June 27th, 2009: Over the past two weeks, my big effort has been to draft a project plan for the rest of my life. It's a list of tasks that I'd like to accomplish between now and after my death. The tasks are grouped into categories such as: Finances, Distribution of Property, After End-of-Life, Travel, etc. Some of these tasks are dependent on other tasks being started or completed. Many of the tasks are stand-alone events.
One of the task categories is: Moving into Maitri. A couple of months ago during dinner with my friends Bob, Bill, Eileen and Kirsten, the subject came up about me moving into Maitri. during the final stretch of my illness. As most of you know, I did bedside care at Maitri starting in 1988 when there was just one resident. I've been part of the institution's growth and evolution from the beginning. To say that I love the place is an understatement. I am very proud of the quality of care that has been provided there over the years, but particularly since the move to the current location at 401 Duboce St.
I volunteered as an emotional support caregiver until 1995, then I took a year off from directly visiting with residents. Instead, I took care of the garden. In 1996, I joined the board as a member with a background in residential care. I've been on the board ever since, serving with the architectural planning committee as we developed the layout for the new Maitri. I've chaired the program committee, and been vice president and secretary at various times. In the past five years, I've delivered a pre-history of Maitri talk that I deliver to incoming groups of volunteers. In that presentation, I gather far-flung influences--the discovery of penicillin, the American teachings of Suzuki Roshi, the civil rights movement, gay rights, feminism, hippie values, the advent of the drug culture and the growth of the hospice movement--all of which have sourced Maitri as a unique and successful home for end-of-life care.
Because Maitri has always been dedicated to serving people with HIV, I have never thought of moving in there. However, it seems that 14 of the beds in the residence are mandated for people with HIV and the 15th bed does not have that condition. After that discussion at dinner, I imagined moving into Maitri and what a fine place that would be to receive care during my last days. I know the staff there, and I trust their skills. Also, I have always felt close to the residents, although I don't know them as closely now that I'm on the board. A month ago, after our board meeting, I had dinner with Tim Patriarca, the Executive Director. As I was about to bring up the subject of moving into Maitri, he said, "I hope you don't take this the wrong way, but have you thought about coming to Maitri toward the end of your illness?" I laughed and replied, "I was just going to bring up that subject." We talked. I told Tim how much I hope that I could move in. Tim said that there needed to be a careful search through the legal contracts with HOPWA (Housing Opportunity for People With AIDS) who provided our initial funding, but he thought that it could be possible.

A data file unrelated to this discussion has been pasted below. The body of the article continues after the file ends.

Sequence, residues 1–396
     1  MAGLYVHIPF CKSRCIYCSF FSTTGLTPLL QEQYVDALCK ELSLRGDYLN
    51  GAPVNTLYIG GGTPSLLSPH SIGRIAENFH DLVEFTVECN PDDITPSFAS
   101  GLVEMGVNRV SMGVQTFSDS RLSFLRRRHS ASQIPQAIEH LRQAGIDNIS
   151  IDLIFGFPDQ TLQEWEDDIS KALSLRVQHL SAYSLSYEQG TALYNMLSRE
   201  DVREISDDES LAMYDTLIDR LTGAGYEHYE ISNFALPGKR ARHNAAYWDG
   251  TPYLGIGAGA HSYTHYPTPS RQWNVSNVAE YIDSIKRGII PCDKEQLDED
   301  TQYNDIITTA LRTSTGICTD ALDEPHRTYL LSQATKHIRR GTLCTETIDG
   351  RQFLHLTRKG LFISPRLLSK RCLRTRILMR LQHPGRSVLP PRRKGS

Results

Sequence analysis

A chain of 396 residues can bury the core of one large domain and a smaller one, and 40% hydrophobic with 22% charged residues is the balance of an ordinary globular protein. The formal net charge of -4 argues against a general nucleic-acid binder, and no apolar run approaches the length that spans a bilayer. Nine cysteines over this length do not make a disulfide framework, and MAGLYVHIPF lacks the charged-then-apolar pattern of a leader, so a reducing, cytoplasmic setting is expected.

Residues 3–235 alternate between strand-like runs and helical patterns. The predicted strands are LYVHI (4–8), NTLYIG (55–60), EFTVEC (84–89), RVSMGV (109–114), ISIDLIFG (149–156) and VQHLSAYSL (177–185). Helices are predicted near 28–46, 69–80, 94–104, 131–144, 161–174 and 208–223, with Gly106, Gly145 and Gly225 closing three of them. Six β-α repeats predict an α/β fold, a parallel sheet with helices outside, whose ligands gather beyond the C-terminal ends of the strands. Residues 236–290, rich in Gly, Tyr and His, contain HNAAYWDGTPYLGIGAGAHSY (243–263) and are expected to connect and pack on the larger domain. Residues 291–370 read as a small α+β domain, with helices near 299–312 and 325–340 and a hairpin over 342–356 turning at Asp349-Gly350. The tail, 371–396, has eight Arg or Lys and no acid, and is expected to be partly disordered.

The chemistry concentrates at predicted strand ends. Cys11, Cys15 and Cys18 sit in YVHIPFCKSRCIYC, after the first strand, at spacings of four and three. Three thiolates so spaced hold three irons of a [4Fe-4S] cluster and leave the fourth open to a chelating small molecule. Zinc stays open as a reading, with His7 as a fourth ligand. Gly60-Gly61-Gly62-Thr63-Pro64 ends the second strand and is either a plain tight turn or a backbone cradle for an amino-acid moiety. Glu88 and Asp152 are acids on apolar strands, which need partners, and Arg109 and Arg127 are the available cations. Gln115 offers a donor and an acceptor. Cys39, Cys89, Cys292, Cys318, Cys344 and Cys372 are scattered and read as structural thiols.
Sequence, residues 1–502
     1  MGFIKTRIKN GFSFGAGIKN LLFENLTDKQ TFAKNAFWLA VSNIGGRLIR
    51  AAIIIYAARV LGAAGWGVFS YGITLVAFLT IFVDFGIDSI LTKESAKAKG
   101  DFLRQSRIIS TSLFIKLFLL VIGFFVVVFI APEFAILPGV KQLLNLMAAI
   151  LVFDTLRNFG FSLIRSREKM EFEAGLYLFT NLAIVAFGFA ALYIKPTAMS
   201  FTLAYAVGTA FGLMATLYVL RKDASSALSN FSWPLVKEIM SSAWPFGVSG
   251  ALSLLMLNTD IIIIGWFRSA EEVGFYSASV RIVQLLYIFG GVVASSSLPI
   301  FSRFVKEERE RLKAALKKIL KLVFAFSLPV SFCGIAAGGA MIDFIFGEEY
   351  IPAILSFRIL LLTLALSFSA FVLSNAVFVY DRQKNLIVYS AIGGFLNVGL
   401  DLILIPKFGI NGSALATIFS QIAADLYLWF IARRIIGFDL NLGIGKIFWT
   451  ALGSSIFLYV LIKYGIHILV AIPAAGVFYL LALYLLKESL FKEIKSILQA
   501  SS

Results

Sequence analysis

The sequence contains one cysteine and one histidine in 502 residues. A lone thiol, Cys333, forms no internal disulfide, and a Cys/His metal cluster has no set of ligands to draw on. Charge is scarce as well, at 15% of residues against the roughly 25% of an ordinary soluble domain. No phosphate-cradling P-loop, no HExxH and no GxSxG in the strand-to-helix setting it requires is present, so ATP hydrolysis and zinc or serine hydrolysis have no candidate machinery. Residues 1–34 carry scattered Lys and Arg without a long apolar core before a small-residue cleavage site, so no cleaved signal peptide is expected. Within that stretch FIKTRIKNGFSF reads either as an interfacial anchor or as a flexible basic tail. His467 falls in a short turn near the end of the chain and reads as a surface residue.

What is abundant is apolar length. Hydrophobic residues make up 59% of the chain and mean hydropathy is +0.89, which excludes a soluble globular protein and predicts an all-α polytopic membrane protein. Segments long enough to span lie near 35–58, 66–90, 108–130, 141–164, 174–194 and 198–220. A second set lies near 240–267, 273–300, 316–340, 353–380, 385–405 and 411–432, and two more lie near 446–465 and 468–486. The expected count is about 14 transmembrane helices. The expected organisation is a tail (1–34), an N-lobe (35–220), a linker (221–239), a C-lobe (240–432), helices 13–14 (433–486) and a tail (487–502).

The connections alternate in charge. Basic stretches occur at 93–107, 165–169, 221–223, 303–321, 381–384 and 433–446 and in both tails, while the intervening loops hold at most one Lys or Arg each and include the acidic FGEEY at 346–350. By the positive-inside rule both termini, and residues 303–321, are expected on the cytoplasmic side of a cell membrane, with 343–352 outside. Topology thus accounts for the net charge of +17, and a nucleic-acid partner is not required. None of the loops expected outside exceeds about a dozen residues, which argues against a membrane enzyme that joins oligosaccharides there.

On Thursday of this week, I received a phone call from Tim saying the the HOPWA team concluded that I would be able to stay at Maitri. Happily, this 15th bed isn't just for me. It can be given to others who want to be cared for at Maitri. Also, just because the bed is available doesn't mean I will move in. There may be someone else using that bed at the time I'm ready for admission. What the decision means is that I can legally move into Maitri if and when the bed is available.
I can't tell you what a relief it is to know that I will be taken care of during my last days by a community that I already know and love. The weight off my mind is huge. It wasn't until I woke up the following morning and hear the first though in my head, "I can move into Maitri!" that I realized how important this is in the whole trajectory of my illness. I am very, very grateful. It is truly a grace note for me in this already full Gay Pride Week.
A curious footnote: Several years ago, there was a calendar published with pictures of gardens in San Francisco. One of the gardens for a now-forgotten month was of the inner courtyard at Maitri which had been lavishly filled with petunias, black bamboo and other vigorous plants by Peter, one of the residents. I liked the picture so much that I took it out of the calendar and hung it at my desk at work. As I've moved around as a consultant, from Schwab, to Wells Fargo to PG&E, the picture of the garden has come with me. Sometimes I'm not aware of it for days on end. But it has been there for several years now, facing me as I work. In the many hundreds of times I've looked at that garden, it never occurred to me that it was my destination. Now, I understand differently.